Standing tall: Western North Carolina is mixing traditional and new industries to grow its economy, train a modern workforce and improve an already high quality of life.

Author:Saylor, Teri

Western North Carolina is full of breathtaking views and rugged terrain, including the highest mountain in the East, Mount Mitchell. But when it comes to the region's economy, its [dollar]3 billion tourism industry stands tallest. It employs about 30,000 people, says Wit Tuttell, executive director of Visit North Carolina, the tourism arm of Cary-based Economic Development Partnership of North Carolina Inc. "Asheville is exploding with new hotels, attractions and the [craft] brew scene. Boone has added hotels. Tweetsie Railroad is expanding. Harrah's just built a second casino in Murphy, and Tryon is home to an equestrian center."

A team of hospitality and tourism students at Cullowhee-based Western Carolina University analyzed 2015 tourist spending in 26 western North Carolina counties. They calculated [dollar]3.34 billion in total spending, 3.5% more than the previous year. That created 31,540 jobs.

But it hasn't been all good times for tourism. "During the [recent] recession, people still came," Tuttell says. "They didn't stay as long, but they came. Tourism is strong and it continues to grow!' You can raise a glass to the regions craft brewing industry, which offers taprooms, festivals, tastings and tours, for helping that happen.

Chico, Calif.-based Sierra Nevada announced in January 2012 that it was building a [dollar]110 million brewery with about 95 full-time and 80 part-time jobs in the small Henderson County community of Mills River. Three months later, Fort Collins, Colo.-based New Belgium Brewing Co. announced a [dollar]175 million brewery in the River Arts District of Asheville, which has been named Beer City USA four times. It's expected to eventually create 150 jobs. In May 2012, Longmont, Colo.-based Oskar Blues Brewery completed the beer trifecta, announcing a Brevard brewery that would bring 35 jobs.

The industry has been a boon to western North Carolina, where Raleigh-based North Carolina Craft Brewers Guild counts 70 brewers. "The beer industry in North Carolina is the first or second fastest-growing in the entire country," says guild Executive Director Margo Metzger. "It was our great fortune that three major breweries made their second home in western North Carolina. We have 204 breweries in North Carolina with 50 more in the planning stages. We look to be around 260 by the end of the year, and we continue to see growth in the number of taprooms." The estimated statewide annual economic impact is [dollar]1.2 billion, and they provide more than 10,000 jobs.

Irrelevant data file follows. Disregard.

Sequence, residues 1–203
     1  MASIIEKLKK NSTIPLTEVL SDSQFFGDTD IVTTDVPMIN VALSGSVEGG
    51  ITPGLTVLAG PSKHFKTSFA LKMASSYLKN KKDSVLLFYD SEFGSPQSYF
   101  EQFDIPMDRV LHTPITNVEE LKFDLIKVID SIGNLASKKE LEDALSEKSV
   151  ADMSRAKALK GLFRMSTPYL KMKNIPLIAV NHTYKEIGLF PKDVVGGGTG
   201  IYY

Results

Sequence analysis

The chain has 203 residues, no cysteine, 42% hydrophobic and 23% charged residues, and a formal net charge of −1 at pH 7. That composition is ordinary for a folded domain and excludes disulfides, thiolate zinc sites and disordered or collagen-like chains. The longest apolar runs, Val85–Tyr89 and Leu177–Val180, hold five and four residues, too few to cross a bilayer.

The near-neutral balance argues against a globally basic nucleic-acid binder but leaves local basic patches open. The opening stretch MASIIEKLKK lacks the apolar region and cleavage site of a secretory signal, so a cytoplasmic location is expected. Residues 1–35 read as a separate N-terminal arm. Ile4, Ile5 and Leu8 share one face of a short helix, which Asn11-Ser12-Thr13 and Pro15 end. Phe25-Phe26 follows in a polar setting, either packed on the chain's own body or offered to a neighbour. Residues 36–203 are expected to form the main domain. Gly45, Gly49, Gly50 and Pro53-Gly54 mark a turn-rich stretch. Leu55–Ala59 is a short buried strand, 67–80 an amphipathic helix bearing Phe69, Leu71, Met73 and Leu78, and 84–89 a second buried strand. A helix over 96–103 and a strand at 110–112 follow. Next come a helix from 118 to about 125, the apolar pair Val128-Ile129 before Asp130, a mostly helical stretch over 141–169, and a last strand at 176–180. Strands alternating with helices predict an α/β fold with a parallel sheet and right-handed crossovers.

Western North Carolina is standing tall. Officials and economic developers are partnering new industries, such as craft brewing, with the regions longtime economic players such as agriculture, tourism and higher education. Together they strengthen the economy and elevate an already high quality of life.

Sylva-based Southwestern North Carolina Planning and Economic Development Commission includes Cherokee, Clay, Graham, Haywood, Jackson, Macon and Swain counties. "We recognized we'd have an easier time pulling together as a region instead of independently' says Executive Director Sarah Thompson. "Tourism is a huge sector for us, and it's great, but we want diversification." One focus of the partnership is improving access to regional broadband internet. It's an expensive proposition in the seven-county region, which counts 200,000 residents. "This is our most important economic-development need. We are fortunate to have fiber [optics cable] in the ground, and we would love to grow our technology sector!'

Ben Hamrick is a longtime Asheville resident and businessman. Born and raised in Shelby, he graduated from Appalachian State University in Boone and is CEO of Asheville-based accounting firm Johnson Price Sprinkle PA, which also has offices in Marion and Boone. "We focus on small to midmarket companies that are representative of the local economy. Our clients are entrepreneurial and are in the hospitality, health services and manufacturing sectors."

Hamrick joined JPS in 1983 and has served as Asheville Area Chamber of Commerce chairman. He has witnessed the city change. "It's remarkable what has happened here. We have a great downtown, awesome restaurants and a great beer scene. We're benefiting from Asheville's 'cool' factor."

Asheville's population was 90,918 as of July 1,2015, according to N.C. Office of State Budget and Management. The four counties in the Asheville region--Buncombe, Haywood, Henderson and Madison--are home to almost 442,000 people. "We're going to be a half million population in a few years," says Clark Duncan, director of business development for the economic-development division of Asheville Chamber of Commerce. "Asheville is the true urban center of the mountains and continues to be a growth center for professional opportunities."

Manufacturers, such as Evendale, Ohio-based GE Aviation, which recently invested almost [dollar]200 million in its Asheville and West Jefferson plants, craft brewers and others have provided Asheville with [dollar]5 billion in economic development over the last five years, says Ben Teague, chief operating officer and executive director of the economic-development division of Asheville Area Chamber of Commerce...

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